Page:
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Your data will not be shared with a third party other than for the purpose of completing the service which you have applied for. 

Phone 0800 1223 170

to make a telephone application

Lines open: Mon - Fri 9am- 5:30pm

Phone 0800 1223 170

to make a telephone application

Lines open: Mon - Fri 9am- 5:30pm

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Copyright 2016 by Pension Tracing Service ® 

This service is not affiliated with the Department of Work and Pensions or any government body. The Pension Tracing Service does not offer financial advice to our clients. However we can allocate you an Authorised and Regulated Pension Specialist. 

Copyright 2016 by Pension Tracing Service ® 

This service is not affiliated with the Department of Work and Pensions or any government body. The Pension Tracing Service does not offer financial advice to our clients. However we can allocate you an Authorised and Regulated Pension Specialist. 

Alternative Pension Schemes

Alternative Pension Schemes

Any form of long-term investment is suitable for retirement saving. However, stakeholder and personal pensions have the edge due to their tax advantage. However, all pension arrangements tie up your savings until at least age 55 and restrict the way you can take the benefits. So, should you want more flexibility, choose alternative investments, such as individual savings accounts (ISAs) which combine flexibility with tax advantages.

Why choose a personal pension rather than a stakeholder scheme?

The government developed stakeholder pension schemes in response to the lack of good-value pension plans available to people who could not join an occupational pension scheme through their work. In the past, the only alternative if there was no scheme at work or if you were self-employed has been personal pensions that have consistently been found to be inflexible and expensive. Charges were complicated and those of the worst plans would eat up 40% of your pension fund by the time you retired. Typically, if you switched to another provider, you would face hefty penalties for stopping your old plan. Why would anyone want a personal pension when they can have a lower charging, more flexible stakeholder scheme?

Any form of long-term investment is suitable for retirement saving. However, stakeholder and personal pensions have the edge due to their tax advantage. However, all pension arrangements tie up your savings until at least age 55 and restrict the way you can take the benefits. So, should you want more flexibility, choose alternative investments, such as individual savings accounts (ISAs) which combine flexibility with tax advantages.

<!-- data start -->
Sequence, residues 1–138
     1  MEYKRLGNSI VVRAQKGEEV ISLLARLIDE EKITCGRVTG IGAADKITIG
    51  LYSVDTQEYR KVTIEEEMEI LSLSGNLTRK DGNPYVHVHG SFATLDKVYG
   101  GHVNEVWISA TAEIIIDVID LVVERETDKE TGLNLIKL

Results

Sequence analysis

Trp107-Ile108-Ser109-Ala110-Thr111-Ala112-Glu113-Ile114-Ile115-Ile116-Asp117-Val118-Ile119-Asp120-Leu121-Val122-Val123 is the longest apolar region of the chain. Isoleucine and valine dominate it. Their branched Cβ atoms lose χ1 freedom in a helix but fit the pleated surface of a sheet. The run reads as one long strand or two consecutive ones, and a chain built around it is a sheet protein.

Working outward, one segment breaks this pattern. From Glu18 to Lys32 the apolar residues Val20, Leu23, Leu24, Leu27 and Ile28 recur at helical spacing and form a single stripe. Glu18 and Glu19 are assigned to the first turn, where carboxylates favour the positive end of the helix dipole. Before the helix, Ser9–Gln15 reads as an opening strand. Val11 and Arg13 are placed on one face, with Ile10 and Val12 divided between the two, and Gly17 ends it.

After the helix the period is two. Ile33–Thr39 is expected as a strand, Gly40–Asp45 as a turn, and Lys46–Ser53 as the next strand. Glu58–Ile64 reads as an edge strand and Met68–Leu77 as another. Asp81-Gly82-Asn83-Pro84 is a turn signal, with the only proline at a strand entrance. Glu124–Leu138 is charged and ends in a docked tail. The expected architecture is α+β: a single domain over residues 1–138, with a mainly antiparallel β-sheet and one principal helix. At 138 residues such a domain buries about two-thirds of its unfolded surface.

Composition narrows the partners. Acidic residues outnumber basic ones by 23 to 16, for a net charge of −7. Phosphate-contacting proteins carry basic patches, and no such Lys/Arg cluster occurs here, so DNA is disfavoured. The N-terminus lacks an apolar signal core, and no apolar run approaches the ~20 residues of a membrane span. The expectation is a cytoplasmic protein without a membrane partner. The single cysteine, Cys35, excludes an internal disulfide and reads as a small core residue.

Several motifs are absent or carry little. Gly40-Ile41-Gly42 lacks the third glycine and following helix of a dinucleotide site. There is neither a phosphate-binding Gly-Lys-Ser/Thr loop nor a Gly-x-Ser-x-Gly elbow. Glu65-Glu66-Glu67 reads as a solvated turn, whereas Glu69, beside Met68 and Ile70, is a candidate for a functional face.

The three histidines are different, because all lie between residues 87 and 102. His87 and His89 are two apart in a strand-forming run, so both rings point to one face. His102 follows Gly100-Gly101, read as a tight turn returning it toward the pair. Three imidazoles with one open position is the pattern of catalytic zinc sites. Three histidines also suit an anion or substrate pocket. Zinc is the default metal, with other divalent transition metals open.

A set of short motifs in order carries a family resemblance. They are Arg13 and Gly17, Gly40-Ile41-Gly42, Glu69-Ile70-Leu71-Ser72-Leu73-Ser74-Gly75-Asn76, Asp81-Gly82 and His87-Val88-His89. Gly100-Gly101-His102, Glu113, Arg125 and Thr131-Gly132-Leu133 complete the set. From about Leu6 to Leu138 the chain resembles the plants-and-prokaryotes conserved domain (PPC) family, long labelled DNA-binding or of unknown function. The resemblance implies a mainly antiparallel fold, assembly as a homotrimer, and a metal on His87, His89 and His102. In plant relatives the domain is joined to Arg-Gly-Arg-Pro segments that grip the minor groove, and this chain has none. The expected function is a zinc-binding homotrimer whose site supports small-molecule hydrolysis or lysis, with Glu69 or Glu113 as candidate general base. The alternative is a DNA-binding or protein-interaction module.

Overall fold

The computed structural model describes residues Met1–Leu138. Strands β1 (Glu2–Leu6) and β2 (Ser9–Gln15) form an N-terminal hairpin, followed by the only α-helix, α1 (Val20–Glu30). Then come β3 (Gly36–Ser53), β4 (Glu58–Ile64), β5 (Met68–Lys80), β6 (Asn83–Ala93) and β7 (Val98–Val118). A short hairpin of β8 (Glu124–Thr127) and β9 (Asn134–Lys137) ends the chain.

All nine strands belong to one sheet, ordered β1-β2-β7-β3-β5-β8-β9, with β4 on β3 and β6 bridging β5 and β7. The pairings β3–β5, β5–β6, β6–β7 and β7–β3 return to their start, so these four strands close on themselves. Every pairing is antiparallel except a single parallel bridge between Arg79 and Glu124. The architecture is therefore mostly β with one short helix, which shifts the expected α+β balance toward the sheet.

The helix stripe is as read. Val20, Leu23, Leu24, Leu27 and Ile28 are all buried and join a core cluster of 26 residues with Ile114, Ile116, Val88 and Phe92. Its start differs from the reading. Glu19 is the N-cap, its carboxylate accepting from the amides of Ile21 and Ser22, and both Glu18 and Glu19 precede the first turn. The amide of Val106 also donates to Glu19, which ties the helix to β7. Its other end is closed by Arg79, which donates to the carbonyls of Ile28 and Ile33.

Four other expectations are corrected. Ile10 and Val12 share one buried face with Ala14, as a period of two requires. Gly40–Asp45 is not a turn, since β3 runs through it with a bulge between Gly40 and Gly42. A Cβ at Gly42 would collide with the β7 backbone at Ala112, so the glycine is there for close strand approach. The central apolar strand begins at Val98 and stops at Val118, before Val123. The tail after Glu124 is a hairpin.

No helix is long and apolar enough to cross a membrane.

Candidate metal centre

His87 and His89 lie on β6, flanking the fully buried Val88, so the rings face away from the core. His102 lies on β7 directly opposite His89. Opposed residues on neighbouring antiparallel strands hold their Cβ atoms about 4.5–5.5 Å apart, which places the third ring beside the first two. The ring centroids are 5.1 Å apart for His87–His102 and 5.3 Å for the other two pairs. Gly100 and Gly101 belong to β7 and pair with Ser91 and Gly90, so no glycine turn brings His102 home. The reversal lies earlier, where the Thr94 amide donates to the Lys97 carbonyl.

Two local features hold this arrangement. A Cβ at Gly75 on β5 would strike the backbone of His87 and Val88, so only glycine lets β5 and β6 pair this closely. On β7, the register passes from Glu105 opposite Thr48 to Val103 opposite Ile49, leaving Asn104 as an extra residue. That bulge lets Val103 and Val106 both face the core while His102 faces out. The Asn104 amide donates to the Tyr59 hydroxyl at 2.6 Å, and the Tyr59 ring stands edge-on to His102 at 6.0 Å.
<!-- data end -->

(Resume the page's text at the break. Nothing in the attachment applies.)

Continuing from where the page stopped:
Why choose a personal pension rather than a stakeholder scheme?

The government developed stakeholder pension schemes in response to the lack of good-value pension plans available to people who could not join an occupational pension scheme through their work. In the past, the only alternative if there was no scheme at work or if you were self-employed has been personal pensions that have consistently been found to be inflexible and expensive. Charges were complicated and those of the worst plans would eat up 40% of your pension fund by the time you retired. Typically, if you switched to another provider, you would face hefty penalties for stopping your old plan. Why would anyone want a personal pension when they can have a lower charging, more flexible stakeholder scheme?

Help me

Help me

my pensions

my pensions

Investment choice: Low stakeholder charges will limit providers’ scope to pay expensive investment managers to run the pension funds. As a result, stakeholder schemes might offer only a limited choice of investments, focusing in particular on tracker funds. If you want a big choice of different investment funds, a personal pension might be the better option. If you want a self-invested scheme, personal pensions are likely to be the only option

Investment information: Some, but not all, stakeholder providers do not expect to be able to offer individual pensions advice within the low stakeholder charges. If your affairs are complex or you have large sums to invest or transfer, you might look at personal pensions instead. A better option could be to choose a stakeholder scheme and pay separately for fee-based advice.

Group personal pension schemes (GPPS): If you have a personal pension taken out through a GPPS at work, your employer may be contributing to the plan on your behalf and/or you may get special terms. These could outweigh any disadvantages vis-à-vis stakeholder schemes.

Investment choice: Low stakeholder charges will limit providers’ scope to pay expensive investment managers to run the pension funds. As a result, stakeholder schemes might offer only a limited choice of investments, focusing in particular on tracker funds. If you want a big choice of different investment funds, a personal pension might be the better option. If you want a self-invested scheme, personal pensions are likely to be the only option

Investment information: Some, but not all, stakeholder providers do not expect to be able to offer individual pensions advice within the low stakeholder charges. If your affairs are complex or you have large sums to invest or transfer, you might look at personal pensions instead. A better option could be to choose a stakeholder scheme and pay separately for fee-based advice.

Group personal pension schemes (GPPS): If you have a personal pension taken out through a GPPS at work, your employer may be contributing to the plan on your behalf and/or you may get special terms. These could outweigh any disadvantages vis-à-vis stakeholder schemes.